He thus forms the Capgras hypothesis as an attempt to explain the abnormal experience. On this kind of account, the subject does not reach for the Capgras hypothesis as an explanation of his experience but merely takes what is already presented in experience to be veridical. Obviously, whether there is room for appeal to motivational factors and whether such an appeal would make a given case count as self-deception on my view , depends on which of these competing accounts is true.
On either account, motivational factors possibly jointly with neuropsychological factors could be playing a role in generating the anomalous experience. Since the experience is much thinner on the explanationist model, it might be thought that appeal to motivation would be otiose; still, there could be a role for it to play. If motivation is playing a role in the first factor, that will not be enough for the sufficient condition identified by Self-deception as Omission to be satisfied.
When we learn that the subject had some distinctive kind of experience, we just have not learned one way or another whether there has been motivated mismanagement of evidence which sustains an externally defeated belief over time. However, we may nevertheless be able to learn something about the subject that undergoes such an experience which is akin to what we can learn about the self-deceiver.
If we are interpreters of someone who has undergone an experience of this kind, and we learn that this is how it has happened, we come to learn something about the kind of cognitive agent that the subject is. There is also room for motivation to be playing a role in the second factor, Footnote 27 and if it is present, it may go some of the way to restoring the kind of understandability that Maher was aiming for.
On either the endorsement or the explanationist account of things, if we have gotten this far, the Capgras belief is already in place, either as an explanation for a bizarre experience or as one given rise to by a bizarre experience directly. Once the belief is in place, there is room for Self-deception as Omission to be satisfied. All that would need to be the case would be for there to be a failure of epistemic agency which is partially motivated by a desire for the world to be as the subject already believes it to be.
Footnote 28 And as strange as it may sound, the operation of the second factor seems more readily understandable when it is cashed out in motivational terms, or indeed in terms of the kind of mental agency that I think is at work in self-deception. The varieties of human motivation are nearly limitless, and I do not know of any clinical examples that bear this out, but it is not difficult to imagine someone facilitating the maintenance of the Capgras belief for motivationally biased reasons.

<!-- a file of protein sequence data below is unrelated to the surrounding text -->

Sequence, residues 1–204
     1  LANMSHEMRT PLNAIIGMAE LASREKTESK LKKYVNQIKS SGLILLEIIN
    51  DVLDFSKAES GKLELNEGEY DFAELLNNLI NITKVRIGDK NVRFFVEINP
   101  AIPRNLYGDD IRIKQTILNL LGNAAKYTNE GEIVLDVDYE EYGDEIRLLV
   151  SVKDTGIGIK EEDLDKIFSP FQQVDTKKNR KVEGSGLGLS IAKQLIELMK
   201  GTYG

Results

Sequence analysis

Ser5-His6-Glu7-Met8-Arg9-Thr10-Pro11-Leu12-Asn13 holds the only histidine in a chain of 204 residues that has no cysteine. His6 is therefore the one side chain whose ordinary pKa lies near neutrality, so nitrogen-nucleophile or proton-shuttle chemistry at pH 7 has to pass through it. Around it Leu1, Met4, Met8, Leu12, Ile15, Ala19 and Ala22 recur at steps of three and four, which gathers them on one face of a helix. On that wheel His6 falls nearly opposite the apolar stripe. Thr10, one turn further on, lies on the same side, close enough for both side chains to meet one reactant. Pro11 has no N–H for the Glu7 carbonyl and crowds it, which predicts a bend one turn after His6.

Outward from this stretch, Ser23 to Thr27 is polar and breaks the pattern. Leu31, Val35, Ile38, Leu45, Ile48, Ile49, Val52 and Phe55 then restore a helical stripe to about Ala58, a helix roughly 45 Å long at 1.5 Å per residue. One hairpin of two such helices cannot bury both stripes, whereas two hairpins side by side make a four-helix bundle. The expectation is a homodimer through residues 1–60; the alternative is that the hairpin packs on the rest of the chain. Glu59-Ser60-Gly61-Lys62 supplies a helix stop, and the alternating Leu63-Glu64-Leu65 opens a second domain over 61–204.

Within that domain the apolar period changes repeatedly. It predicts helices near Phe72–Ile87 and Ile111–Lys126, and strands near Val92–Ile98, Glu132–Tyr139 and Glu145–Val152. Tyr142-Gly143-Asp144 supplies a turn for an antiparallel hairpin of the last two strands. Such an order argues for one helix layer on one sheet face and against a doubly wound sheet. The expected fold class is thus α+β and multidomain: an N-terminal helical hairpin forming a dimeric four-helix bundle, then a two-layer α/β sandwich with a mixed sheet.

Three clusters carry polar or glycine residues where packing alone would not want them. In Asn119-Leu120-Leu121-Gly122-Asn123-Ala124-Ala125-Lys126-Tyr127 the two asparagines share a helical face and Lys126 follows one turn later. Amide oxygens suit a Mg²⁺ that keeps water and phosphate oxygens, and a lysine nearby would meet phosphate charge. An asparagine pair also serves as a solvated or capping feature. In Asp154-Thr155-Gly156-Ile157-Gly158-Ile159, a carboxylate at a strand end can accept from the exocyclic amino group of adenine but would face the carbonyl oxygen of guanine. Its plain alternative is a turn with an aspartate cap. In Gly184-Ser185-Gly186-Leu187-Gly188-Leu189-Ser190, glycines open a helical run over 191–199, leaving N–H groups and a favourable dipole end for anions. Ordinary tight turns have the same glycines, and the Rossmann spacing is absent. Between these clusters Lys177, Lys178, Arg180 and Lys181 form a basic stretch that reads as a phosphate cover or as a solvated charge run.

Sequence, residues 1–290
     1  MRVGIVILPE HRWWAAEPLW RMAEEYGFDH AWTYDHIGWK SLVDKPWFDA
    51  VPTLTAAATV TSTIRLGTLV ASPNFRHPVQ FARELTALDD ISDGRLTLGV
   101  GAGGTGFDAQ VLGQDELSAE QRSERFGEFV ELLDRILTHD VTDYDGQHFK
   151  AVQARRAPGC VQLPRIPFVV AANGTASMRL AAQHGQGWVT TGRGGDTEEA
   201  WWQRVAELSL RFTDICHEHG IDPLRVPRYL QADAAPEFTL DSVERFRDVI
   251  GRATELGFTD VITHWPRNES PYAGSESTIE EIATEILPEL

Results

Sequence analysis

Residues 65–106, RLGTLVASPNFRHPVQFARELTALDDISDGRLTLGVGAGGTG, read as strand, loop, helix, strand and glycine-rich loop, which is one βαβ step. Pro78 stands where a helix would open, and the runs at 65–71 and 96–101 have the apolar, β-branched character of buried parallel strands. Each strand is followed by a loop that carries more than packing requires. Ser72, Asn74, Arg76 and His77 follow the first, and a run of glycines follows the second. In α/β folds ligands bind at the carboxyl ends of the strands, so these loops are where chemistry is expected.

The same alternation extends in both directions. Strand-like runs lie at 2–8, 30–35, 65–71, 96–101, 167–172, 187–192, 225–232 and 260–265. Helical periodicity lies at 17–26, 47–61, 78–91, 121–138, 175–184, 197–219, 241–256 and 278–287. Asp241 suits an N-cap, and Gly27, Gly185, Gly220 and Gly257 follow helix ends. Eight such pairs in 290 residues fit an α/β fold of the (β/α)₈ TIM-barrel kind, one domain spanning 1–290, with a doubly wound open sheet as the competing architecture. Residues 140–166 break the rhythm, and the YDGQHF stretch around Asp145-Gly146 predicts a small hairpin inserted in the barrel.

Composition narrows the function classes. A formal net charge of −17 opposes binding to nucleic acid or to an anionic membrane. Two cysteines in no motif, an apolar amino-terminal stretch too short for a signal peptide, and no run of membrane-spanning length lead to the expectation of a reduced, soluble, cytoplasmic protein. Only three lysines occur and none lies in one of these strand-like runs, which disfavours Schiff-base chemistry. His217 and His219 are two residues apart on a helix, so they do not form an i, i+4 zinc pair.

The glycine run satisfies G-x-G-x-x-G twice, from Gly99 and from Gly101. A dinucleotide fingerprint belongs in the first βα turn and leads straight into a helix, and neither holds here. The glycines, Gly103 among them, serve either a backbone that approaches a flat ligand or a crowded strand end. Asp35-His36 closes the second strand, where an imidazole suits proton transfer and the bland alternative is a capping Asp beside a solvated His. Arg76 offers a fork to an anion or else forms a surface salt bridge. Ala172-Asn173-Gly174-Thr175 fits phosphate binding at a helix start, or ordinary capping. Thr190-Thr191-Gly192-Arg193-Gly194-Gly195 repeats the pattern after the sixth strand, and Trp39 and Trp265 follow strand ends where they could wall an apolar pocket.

Footnote 29 Perhaps the couple has recently had a particularly acrimonious quarrel and it would be somehow easier to not face the genuine article just yet; perhaps he has been secretly yearning for a divorce and this would save him the trouble; perhaps he has a motivation which only years of deep analysis would uncover.
Any such motivation, if it were to underlie and facilitate the acceptance of the Capgras hypothesis, would be grounds for thinking that we had a potential case of self-deception here. The availability of an explanation of this kind greatly reduces the sense that the delusion is un-understandable by bringing the psychological dynamics of the subject into the focus of ordinary intentional explanation. I have tried to bring a number of distinctions between types of responsibility to bear on the question with which we began. Delusions can also help us understand the ways in which our ordinary notion of self-deception can be extended to include, e.
Motivations can partially constitute nodes of intentional agency and reminding ourselves about the motivations of subjects with delusions and the role that such motivations may play in our assessment of them can serve as a general bulwark against slipping too easily into thinking of them as outside of the scope of ordinary assessment and understanding altogether. When Neisser asked afterward if they had seen anything unusual, very few mentioned the woman with the white umbrella.
They had not noticed her; the schema guiding their viewing fixed attention on the ball.
When Neisser then replayed the tape, they were astonished to see the woman. I once asked Neisser whether there might be schemas that, in effect, say ''do not notice that. It probably starts from cases like the woman with the umbrella. People don't shift their attention from the task at hand. But the mechanism would be much the same when you have a pretty good suspicion of what's over there if you were to look, and you'd rather not deal with it.